Instrumental separation has been purposefully minimized to create a compacted sense of the trio playing close to one another. Frisell’s guitar is enhanced with a minimal and rapidly decaying reverb halo, leaving whole the delicate yet precise transient string attack floating willfully up front. Morgan’s bass lines are cleanly and forcefully rendered and Royston’s drums behind the other two add accents that surprise with each play. The sound of this record—the forceful bass set against the cleanly rendered, shimmering guitar lines will excite your senses and bring to life even the most moribund audio system.

Nicely gatefold packaged and at least my copy was dead quiet and perfectly pressed. Even if you have many of the 60+ year old guitarists records, this is a “must have”. And if you have none, start here, but note that the first one is not free.

The album closes with “We Shall Overcome”, which Frisell says he plays a great deal and will continue doing so “…until there is no need anymore”. Well, Bill, for now play on!

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Tasingegade's picture


I am a big Frisell fan but only own one of his records on vinyl. I love this album and have been streaming it and satisfied by its sound and even more satisfied by the great music (frisell + morgan make some great music. Check out some of their material posted on youtube and recorded live, e.g. version of Goldfinger) and will probably pick up the record just to support these guys.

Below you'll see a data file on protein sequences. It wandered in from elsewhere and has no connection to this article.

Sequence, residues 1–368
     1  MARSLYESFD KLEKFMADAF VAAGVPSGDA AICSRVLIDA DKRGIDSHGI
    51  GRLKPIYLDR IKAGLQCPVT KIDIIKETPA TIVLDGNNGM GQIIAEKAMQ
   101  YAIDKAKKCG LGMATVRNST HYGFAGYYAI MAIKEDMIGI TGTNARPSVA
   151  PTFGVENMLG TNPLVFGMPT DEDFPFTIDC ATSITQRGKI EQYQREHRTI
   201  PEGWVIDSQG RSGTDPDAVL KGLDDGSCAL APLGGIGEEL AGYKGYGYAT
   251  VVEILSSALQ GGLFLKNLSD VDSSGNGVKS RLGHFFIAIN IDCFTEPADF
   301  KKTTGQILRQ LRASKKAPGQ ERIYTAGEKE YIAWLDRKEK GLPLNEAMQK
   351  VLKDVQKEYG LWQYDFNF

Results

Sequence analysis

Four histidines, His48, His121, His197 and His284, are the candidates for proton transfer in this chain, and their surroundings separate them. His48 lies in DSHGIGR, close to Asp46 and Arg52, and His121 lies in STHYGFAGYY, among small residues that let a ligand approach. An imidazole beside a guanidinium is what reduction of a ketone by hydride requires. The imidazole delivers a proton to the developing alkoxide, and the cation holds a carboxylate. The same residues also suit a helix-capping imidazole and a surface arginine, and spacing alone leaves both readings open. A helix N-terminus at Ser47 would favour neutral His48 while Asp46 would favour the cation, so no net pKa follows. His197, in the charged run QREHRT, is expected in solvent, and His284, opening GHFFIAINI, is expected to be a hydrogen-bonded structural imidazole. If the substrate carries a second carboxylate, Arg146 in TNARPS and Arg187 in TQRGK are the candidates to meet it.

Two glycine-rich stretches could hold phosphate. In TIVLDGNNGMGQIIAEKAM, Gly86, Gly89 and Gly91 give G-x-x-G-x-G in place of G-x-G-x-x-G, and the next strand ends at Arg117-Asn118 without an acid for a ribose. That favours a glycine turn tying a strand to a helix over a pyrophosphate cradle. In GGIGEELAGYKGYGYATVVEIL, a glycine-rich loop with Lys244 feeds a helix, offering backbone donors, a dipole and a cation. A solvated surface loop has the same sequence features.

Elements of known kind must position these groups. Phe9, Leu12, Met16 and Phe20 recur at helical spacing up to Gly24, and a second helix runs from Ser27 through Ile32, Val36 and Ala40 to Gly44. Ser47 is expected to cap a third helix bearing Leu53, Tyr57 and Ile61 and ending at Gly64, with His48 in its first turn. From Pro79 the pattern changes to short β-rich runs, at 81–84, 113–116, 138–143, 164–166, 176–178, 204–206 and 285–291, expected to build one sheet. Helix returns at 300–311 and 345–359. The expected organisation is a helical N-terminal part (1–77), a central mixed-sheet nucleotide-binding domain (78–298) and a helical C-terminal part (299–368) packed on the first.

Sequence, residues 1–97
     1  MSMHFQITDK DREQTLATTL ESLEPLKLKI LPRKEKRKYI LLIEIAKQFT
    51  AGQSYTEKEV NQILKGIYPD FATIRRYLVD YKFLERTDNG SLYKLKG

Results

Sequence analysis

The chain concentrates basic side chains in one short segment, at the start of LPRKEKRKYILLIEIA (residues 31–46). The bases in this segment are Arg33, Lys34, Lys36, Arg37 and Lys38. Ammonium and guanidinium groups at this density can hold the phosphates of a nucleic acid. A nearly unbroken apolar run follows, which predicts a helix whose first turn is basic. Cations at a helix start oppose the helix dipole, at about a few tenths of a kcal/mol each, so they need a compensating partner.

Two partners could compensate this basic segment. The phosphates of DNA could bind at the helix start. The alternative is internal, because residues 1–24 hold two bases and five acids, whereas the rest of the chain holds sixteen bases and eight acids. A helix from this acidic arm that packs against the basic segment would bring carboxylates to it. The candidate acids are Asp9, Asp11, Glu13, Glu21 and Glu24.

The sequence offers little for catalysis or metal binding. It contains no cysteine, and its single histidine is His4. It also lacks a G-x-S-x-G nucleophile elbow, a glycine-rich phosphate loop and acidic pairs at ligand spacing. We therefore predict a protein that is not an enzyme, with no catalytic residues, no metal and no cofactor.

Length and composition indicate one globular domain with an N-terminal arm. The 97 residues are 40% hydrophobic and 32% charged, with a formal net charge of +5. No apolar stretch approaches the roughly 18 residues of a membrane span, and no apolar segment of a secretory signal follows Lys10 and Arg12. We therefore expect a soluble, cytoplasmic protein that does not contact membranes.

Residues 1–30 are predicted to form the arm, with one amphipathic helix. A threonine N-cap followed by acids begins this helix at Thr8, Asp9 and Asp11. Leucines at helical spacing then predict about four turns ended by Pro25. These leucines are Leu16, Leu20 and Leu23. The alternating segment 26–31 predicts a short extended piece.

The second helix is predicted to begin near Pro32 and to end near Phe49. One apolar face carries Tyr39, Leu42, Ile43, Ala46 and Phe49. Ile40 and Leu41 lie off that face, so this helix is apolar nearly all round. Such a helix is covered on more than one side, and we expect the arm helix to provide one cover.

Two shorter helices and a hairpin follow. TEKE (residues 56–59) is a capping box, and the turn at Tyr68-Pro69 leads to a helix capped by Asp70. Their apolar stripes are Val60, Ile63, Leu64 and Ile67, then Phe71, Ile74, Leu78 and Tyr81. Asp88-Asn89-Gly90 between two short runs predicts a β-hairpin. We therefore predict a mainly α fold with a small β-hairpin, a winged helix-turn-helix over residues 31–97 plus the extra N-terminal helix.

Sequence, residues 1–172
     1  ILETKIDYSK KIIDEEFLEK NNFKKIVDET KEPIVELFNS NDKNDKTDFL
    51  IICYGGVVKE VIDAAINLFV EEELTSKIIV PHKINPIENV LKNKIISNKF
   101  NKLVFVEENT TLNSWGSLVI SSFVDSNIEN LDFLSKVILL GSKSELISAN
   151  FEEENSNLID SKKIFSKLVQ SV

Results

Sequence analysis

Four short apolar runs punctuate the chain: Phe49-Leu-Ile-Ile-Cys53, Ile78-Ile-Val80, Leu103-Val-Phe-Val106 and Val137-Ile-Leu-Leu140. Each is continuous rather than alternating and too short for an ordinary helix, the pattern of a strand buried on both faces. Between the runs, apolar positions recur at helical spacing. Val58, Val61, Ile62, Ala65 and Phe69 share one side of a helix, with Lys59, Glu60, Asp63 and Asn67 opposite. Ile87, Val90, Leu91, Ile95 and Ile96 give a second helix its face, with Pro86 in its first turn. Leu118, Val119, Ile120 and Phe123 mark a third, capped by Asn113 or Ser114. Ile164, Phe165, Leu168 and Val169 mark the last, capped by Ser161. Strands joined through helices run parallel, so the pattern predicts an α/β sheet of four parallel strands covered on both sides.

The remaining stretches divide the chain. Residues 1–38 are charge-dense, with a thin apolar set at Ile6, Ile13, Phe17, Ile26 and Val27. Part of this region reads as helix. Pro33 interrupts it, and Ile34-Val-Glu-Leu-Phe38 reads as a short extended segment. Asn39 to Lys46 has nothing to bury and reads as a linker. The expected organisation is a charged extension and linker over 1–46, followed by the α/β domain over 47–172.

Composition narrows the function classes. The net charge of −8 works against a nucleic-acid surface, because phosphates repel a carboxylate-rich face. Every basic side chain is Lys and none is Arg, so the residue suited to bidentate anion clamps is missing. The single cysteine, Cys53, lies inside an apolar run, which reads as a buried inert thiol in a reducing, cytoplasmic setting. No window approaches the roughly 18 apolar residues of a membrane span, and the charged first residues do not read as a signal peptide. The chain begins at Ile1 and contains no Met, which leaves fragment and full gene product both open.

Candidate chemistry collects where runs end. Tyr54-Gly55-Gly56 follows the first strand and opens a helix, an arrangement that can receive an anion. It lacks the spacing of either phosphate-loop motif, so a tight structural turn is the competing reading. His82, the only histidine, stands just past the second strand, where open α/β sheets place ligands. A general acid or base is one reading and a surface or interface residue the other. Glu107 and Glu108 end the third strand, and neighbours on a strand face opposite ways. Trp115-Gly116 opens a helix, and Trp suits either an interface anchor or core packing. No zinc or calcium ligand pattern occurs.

My m.o. has always been, if it is recorded digital, just stream it and save the cash for all analog records. Your review suggests but does not state this album is digitally recorded. What sonic benefits can be had by listening to the record as opposed to the digital stream? I bought his recent Harmony album on vinyl (also on Blue Note I believe, also a great record), and though the record through my analog front end bests my streamer/dac in size of soundstage, I find the voices and instruments are more congested and less open, like there is an added 'warmth' to the lower midrange that is not natural and not there on the streamed version. This despite that my analog front end is comprised of rega and a solid state phono preamp, which i would not say does not tend to add color in the lower midrange.

So basically my question is, what technical reasons are there for suggesting that the LP of this digital recording are superior to streamed versions? I have never understood how that would be except that the record was remastered and therefore tonal balance changed on remastering?

Look forward to your thoughts.

thanks, Grant

Michael Fremer's picture